1. Seven male volunteers were given apomorphine (14–20 μg/kg) subcutaneously on a total of ten occasions. Nausea was experienced on six occasions and on four occasions there was no effect.
2. Venous samples were taken before injection, at peak nausea and 20 min later for assay of factor VIII coagulant activity (FVIIIC), von Willebrand factor antigen (vWFAg), the ristocetin cofactor (FVIIIRiCof), euglobulin clot lysis time (ECLT), fibrinopeptide A (FPA), FPA generation time, activated partial thromboplastin time (APTT), vasopressin (aVP) and adrenaline.
3. During nausea plasma aVP concentrations rose from median values of 0.4 pg/ml (at time 0) to 76 pg/ml at peak nausea and fell to 32 pg/ml 20 min later. Adrenaline rose from 0.36 to 0.91 nmol/l (P < 0.05) before falling to 0.55 nmol/l.
4. During nausea, FVIIIC rose from 100% to 143% (P < 0.05) and to 214% (P < 0.05) 20 min later. FVIIIRiCof and vWFAg showed similar changes. Plasminogen activator activity (106/ECLT2) rose from 23 units at time 0 to 592 units during nausea and 1135 units (P < 0.05) after 20 min.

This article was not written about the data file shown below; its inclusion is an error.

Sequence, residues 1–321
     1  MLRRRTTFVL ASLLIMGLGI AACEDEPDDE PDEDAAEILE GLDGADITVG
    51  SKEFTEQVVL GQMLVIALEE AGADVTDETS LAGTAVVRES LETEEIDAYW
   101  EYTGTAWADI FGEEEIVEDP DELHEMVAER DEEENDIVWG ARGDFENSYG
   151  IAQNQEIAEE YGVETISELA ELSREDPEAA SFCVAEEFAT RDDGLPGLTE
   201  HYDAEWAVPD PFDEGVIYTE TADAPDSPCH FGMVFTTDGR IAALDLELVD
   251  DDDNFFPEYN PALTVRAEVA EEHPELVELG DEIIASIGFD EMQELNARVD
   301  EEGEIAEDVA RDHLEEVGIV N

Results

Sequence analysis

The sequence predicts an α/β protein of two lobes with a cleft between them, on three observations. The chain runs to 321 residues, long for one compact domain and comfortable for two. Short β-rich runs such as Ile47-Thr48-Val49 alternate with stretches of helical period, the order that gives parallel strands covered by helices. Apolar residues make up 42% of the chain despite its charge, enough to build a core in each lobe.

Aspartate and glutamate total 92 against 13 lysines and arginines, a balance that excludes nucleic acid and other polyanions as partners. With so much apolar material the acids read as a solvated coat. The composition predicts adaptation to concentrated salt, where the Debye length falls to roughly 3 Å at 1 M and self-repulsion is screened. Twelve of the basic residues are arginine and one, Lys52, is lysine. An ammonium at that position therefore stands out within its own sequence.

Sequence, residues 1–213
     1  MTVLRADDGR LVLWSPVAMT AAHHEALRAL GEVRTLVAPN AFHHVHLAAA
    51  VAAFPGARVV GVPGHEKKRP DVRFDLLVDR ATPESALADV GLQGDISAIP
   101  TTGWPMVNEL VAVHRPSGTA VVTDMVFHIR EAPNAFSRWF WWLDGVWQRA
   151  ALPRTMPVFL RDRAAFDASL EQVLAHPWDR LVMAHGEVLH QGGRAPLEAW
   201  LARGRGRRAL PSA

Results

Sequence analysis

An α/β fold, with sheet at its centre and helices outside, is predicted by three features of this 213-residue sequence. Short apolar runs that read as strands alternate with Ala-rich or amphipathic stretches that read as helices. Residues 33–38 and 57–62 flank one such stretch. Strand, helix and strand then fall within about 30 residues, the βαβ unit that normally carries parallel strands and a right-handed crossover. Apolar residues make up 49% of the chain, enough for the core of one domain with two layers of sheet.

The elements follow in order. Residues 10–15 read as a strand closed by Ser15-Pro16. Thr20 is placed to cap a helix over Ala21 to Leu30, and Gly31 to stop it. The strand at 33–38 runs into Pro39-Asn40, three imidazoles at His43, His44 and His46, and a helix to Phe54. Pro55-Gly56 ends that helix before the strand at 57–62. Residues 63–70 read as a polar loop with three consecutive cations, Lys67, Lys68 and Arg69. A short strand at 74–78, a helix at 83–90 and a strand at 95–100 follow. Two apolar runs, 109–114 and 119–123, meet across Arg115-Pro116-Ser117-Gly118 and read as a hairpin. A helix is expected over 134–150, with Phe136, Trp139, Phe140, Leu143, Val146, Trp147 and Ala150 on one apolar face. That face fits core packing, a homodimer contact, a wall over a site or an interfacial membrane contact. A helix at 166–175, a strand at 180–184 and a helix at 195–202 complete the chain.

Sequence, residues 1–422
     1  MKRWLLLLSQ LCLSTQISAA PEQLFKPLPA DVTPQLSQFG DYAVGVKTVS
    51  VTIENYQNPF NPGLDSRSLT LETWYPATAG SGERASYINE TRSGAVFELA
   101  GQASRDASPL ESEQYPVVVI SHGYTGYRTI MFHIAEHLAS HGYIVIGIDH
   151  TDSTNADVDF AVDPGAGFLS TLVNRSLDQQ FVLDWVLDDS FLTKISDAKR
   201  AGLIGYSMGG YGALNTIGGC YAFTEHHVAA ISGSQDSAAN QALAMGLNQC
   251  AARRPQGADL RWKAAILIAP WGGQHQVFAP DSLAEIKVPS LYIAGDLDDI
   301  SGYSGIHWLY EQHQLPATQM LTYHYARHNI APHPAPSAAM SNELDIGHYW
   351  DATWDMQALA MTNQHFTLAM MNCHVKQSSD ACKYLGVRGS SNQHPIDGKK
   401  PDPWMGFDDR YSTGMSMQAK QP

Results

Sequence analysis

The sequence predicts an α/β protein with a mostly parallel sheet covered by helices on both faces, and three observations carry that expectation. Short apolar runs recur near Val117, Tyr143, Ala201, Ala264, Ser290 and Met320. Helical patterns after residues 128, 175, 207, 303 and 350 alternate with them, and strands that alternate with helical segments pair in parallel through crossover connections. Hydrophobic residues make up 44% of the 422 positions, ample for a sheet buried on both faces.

5. The APTT fell from 49 s to 44 s during the study, plasma FPA levels and the FPA generation time both remained unchanged.
6. On the four occasions nausea was not experienced, there were no changes in vasopressin and catecholamine concentrations nor in haemostatic function.
7. During the study, plasma aVP concentrations rose to levels previously shown to influence haemostatic function. This provides further support for the view that aVP has a secondary role as a mediator of acute changes in haemostasis, and during nausea contributes with adrenaline to an abrupt change in factor VIII and fibrinolytic activator activity.